I was tempted to leave it at that, and have a one-word blog post for this latest in my series for computer users! Simply, if we just keep reminding ourselves to breathe as we work at our computers we’ll be a lot better off!
I find that most people end up holding their breath a lot while working at the computer – often completely subconsciously.
And holding the breath means excess tension! – something we want to avoid at the best of times, and maybe particularly at the computer when so many other things can “go wrong” as we focus exclusively on the screen, seemingly forgetting that we inhabit a body that needs to be look after too.
In past blog posts I’ve looked at why our posture is important to our breath, and why it’s useful to have a fairly accurate basic understanding of breathing – in particular the way the ribs move with our breath, and that we don’t need to “take a breath!” I encourage you to read those past posts – the information is completely relevant as you sit at your computer.
So rather than repeating myself here, let’s think instead about when we are more likely to hold our breath or restrict our breathing as we work. I think we’re likely to hold our breath when:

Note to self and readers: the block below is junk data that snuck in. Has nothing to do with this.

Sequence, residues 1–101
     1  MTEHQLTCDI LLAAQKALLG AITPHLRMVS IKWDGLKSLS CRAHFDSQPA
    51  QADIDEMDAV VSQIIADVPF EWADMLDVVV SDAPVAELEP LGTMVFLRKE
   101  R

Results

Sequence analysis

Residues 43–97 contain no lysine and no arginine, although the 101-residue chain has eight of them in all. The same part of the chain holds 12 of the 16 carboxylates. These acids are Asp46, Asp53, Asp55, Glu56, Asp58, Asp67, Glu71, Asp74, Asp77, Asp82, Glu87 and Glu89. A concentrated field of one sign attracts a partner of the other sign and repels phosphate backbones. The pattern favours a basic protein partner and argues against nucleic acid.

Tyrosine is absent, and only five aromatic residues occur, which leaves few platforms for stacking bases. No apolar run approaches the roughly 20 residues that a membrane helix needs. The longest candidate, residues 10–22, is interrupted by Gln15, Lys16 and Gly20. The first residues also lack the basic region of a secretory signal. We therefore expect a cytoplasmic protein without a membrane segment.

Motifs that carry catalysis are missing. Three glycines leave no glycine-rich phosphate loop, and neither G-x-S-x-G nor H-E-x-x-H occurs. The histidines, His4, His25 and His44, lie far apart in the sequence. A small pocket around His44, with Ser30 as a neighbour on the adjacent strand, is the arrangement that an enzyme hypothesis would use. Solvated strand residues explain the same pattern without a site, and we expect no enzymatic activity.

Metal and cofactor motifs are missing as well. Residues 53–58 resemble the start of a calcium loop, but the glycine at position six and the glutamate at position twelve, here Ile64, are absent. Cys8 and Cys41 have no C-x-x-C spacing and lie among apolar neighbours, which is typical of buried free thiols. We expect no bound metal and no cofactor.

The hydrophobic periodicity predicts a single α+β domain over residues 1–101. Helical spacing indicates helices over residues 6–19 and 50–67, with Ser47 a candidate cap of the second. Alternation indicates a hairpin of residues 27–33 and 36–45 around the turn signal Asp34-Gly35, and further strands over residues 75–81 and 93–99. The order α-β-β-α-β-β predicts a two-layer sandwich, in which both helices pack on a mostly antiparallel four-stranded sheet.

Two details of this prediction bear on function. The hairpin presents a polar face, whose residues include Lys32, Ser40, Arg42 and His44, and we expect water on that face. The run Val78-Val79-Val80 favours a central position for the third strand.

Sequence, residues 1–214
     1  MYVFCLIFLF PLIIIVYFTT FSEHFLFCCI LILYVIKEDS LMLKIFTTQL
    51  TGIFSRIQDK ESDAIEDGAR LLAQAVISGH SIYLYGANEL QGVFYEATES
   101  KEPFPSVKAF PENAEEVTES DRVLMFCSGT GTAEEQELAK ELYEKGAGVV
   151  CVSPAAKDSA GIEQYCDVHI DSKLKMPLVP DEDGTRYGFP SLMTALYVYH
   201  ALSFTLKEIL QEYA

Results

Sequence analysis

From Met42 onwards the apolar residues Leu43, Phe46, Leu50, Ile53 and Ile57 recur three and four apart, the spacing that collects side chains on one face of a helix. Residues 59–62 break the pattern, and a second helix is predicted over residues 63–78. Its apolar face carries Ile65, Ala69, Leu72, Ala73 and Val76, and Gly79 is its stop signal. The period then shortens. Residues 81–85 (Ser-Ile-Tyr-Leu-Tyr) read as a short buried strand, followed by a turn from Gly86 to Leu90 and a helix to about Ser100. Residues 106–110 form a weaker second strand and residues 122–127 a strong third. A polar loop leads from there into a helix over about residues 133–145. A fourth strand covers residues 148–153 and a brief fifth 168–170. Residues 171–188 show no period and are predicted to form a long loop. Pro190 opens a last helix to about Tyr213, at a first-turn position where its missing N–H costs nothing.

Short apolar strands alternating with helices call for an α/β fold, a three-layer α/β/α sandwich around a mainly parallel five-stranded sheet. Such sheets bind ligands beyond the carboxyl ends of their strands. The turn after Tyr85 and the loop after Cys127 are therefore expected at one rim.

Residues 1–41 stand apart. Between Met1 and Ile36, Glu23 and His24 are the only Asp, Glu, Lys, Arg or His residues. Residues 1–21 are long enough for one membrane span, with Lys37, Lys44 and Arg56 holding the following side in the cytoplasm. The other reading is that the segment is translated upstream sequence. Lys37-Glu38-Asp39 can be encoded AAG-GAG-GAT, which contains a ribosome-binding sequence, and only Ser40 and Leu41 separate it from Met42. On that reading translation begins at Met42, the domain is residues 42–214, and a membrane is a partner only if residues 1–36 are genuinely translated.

- concentrating hard on getting a piece of work done
- we’re waiting for a page or post to load
- the technology is not working the way it should…
- we’re anxious about an email we’ve received
- we’re writing an email we’re anxious about
- we’re in a hurry
- we’re stressed
Can you think of more?
It’s all about improving our awareness of what we’re doing right here, right now. Getting in touch with the breath helps you be present to yourself. When you notice that you’re holding your breath, just allow yourself to exhale gently, observing the in-breath that will naturally follow. Take time to pay attention to your breath as often as possible while you work.
Holding your breath affects your whole system. Alexander Technique teaches us to pay attention to our selves – mind, body and breath. What do you notice about your breath as you work at the computer?